One simple algorithm tweak or accidental rules violation could see it all dry up, rendering the site at least temporarily useless.

Additionally, websites with more organic traffic are generally more valuable than those that rely on paid traffic. However, the latter is not sustainable and would significantly affect the owner’s net profit, making it less attractive.

b. Mailing lists/ Subscribers

Creating a solid mailing list should be a top priority for most website owners. Sometimes, a mailing list may even be worth more than the site itself. So, if you have one, you must know that it is valuable.


One fundamental way to determine the mail list value is through the concept of “replacement cost.” How much does it cost to get each subscriber on the list?

For example, say that to lure each of the subscribers, it cost $5 via Adwords, Facebook ads, employee time, etc. The list contains 5,000 names. That’s a value of $25,000 for the list.

That, however, is a very basic estimate. 

Furthermore, subscribers are more valuable because they can easily be monetized with additional revenue models. Yet, for them to be truly valuable to a buyer, you’ll need to show how you maintain them. Those methods should not take too much away from the net profit potential.

c. Paid Customers

Current customers can be a measure of the value of a website’s offering. The more customers a potential investor can see, the higher the value your website shall be.

They may also consider factors like the number of repeat customers vs. new customers. The former must outweigh the latter to be more attractive.

With great customer numbers, the buyer can see a potential return on his investment and thus be willing to pay more.

d. Recurring customers

High numbers of recurring customers on your business will exponentially increase its value. Regular customers indicate brand loyalty and also guarantee continuous revenue through repeat purchases.

As such, they are more valuable than large streams of new customers. Additionally, it costs more to attract new customers, which further lowers the profit potential for your site.

So, many investors will be keen on the ratio of your recurring customers to new customers. So, think about how you can turn your current revenue model into a recurring revenue model.

e. The Owner’s Workload

If your business requires a lot of time and resources to keep it running, it may be of much lower value than you thought.

Usually, potential investors are not looking for businesses that would require high workloads for owners. Most of them just want another quick money-making venture.

And therefore, they will likely undervalue your business, considering the costs of hiring a replacement for the current owner. However, finding solutions, such as automation or hiring a team before selling, might boost the perceived value.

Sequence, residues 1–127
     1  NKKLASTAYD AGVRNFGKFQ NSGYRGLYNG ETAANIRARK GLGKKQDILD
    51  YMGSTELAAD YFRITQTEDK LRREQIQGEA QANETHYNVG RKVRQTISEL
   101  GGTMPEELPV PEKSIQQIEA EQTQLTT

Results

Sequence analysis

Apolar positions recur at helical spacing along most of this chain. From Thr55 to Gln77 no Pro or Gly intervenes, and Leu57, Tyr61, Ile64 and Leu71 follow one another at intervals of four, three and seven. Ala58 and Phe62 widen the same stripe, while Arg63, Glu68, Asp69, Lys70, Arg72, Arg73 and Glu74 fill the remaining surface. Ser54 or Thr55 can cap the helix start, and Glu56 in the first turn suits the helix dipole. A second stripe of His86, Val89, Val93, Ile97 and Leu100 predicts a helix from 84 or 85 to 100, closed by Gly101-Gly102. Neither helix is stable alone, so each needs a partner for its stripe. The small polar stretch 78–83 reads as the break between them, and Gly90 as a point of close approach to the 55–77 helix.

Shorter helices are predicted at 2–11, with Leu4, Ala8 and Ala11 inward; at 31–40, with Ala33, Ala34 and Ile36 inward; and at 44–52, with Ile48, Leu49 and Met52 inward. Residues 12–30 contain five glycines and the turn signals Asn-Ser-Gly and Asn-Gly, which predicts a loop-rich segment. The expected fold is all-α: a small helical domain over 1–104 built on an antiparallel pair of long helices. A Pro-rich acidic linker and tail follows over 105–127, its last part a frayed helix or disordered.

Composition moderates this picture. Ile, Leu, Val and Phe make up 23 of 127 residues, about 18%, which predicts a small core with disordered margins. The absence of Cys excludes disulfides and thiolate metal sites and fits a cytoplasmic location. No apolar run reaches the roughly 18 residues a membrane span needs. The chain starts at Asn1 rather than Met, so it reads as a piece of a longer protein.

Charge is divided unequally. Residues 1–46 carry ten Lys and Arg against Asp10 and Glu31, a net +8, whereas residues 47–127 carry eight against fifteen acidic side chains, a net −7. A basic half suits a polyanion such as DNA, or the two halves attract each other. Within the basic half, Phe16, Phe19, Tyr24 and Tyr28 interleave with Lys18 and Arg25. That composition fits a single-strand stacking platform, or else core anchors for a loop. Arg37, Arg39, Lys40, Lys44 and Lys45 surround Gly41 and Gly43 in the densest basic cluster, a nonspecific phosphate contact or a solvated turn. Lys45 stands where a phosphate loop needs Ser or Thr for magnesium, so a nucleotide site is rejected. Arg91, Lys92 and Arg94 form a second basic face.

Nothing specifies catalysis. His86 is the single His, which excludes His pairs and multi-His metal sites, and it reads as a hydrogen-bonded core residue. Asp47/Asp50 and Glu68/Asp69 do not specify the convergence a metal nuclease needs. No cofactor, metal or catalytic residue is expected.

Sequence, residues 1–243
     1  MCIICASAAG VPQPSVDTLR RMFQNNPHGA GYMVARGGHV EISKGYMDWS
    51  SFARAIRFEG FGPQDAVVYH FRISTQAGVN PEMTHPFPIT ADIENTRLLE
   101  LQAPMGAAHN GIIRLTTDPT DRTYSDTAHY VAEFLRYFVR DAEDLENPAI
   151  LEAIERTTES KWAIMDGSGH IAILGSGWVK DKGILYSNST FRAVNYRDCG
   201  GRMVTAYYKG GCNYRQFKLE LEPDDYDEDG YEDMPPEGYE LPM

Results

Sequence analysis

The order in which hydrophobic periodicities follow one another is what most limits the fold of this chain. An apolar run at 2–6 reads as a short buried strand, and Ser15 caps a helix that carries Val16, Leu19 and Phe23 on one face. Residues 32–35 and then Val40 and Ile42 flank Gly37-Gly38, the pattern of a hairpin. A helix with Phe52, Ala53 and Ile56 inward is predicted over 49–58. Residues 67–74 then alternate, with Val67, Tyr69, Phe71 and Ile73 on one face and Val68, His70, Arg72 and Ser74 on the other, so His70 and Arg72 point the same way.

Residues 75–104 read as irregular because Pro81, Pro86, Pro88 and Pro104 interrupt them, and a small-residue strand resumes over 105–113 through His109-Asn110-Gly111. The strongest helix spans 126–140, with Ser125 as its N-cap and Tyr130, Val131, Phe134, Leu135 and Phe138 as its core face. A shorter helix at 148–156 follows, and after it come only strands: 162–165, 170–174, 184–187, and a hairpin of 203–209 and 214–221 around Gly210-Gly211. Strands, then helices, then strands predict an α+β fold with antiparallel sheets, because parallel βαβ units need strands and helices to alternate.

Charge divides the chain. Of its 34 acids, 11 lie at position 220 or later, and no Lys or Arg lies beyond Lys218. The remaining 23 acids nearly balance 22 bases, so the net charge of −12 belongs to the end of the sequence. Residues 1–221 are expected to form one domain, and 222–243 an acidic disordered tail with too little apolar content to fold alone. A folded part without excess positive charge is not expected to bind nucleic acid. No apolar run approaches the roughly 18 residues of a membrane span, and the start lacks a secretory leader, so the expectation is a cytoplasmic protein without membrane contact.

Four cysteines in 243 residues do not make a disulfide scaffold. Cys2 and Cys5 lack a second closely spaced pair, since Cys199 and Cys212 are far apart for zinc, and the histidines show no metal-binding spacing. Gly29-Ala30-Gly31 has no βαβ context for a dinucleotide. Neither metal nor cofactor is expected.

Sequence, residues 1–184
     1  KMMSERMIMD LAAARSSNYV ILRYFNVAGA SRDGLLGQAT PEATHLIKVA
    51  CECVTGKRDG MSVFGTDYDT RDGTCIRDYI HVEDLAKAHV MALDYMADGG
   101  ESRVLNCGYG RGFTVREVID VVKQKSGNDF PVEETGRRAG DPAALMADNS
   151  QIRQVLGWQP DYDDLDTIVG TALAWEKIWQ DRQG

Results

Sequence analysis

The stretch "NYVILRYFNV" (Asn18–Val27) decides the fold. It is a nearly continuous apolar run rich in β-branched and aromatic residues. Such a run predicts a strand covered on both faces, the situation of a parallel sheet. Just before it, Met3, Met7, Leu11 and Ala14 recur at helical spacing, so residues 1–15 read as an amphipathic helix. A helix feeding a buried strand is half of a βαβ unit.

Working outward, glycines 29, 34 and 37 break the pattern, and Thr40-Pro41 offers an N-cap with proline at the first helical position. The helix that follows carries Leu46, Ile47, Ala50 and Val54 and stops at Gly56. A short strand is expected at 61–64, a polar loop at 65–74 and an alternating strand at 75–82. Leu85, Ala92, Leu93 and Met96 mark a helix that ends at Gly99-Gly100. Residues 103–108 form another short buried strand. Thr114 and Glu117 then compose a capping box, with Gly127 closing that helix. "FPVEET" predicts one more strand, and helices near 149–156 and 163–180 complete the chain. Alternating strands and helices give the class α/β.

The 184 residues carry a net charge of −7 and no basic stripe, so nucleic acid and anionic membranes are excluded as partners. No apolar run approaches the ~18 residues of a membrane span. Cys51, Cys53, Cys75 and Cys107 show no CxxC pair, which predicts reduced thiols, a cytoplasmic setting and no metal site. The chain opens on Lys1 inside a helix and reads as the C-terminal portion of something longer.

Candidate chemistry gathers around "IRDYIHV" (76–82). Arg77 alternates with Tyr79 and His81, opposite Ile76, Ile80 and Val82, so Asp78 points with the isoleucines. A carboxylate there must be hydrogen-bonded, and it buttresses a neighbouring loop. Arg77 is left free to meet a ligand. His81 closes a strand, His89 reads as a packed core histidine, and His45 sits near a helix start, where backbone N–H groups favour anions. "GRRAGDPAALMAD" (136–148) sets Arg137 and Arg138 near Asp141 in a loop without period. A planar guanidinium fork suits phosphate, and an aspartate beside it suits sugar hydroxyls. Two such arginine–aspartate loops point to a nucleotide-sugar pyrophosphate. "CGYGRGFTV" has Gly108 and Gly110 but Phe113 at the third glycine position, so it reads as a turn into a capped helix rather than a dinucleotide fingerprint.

f. Social Followers

Social media is ever more important in online businesses today. So, having a large social media following will increase the value of your website when you choose to sell.

Large numbers on major platforms like Facebook, Instagram, Pinterest, etc., signal high customer and branding potential. It is a ripe audience for generating leads, increasing traffic, gaining better search engine rankings, among others.

So, most potential buyers will evaluate the number of people on your site socials to determine how much they should pay for it partly.

That said, social followers will only work if you can also prove that they are critical to the site’s growth and not just numbers.

g. Brand recognition

Your site does not have to compete in brand recognition with the likes of Google and Amazon. But if you can demonstrate, for example, a solid and growing Instagram presence that produces ‘buzz’ within the business’s target audience, you may have a case for upping the price.

h. Business age

A potential buyer will consider how long your business has been running to assess its value: the older, the more valuable.

Old businesses tend to carry higher multiples than newer businesses. That is because you can show long-term data, including the cash inflows, long-standing clients, operational costs, and others.

This information provides better insight to potential buyers about whether or not they will get returns on their investments.

i. Domain name

Domain names are bought and sold every day on the Internet. So if your site has a great branded domain name, just that URL itself may add to the site’s overall value.

Such high-demand names generally draw a lot of current and potential traffic, making them a plus.

These are not the only methods buyers will use to determine what they think is a fair price for your site. These are just a few examples. Anything they feel might help them turn a profit in a reasonably short amount of time will likely be a factor in their valuation equation.

So What’s the Real Value of your Internet Business?

Homeowners who are selling their property often run into the same problem. They take a value from an online calculator, pull a few comps, add in what they think are factors that increase the value of their place, and come up with an asking price that is often even wildly high – meaning the place doesn’t sell, or woefully low, meaning they lose out when it does.

Online Business owners often do the same. They are perturbed when they list their site for sale in some random marketplace, and it either doesn’t sell, or all they get are lowball offers.

The key to avoiding under or overpricing a real estate property is a professional evaluation from a real estate agent. These consultants make use of their unique knowledge of the current market, the neighborhood, and what does or does not add value to a home to determine a realistic listing price that will get the place sold.

Online business owners can do the same. As I’ve tried to convey here, getting an accurate picture of a business’s value is not a science, it’s an art. Buyers take the time to test and perfect it, and there are others out there – Internet real estate agents if you like – that do so too. These are the people you need on your side if you are serious about selling your business for what it’s worth.

Get a free valuation and planning call with BuySellEmpire to better understand your business’s value and how to position yourself for maximum value in an acquisition.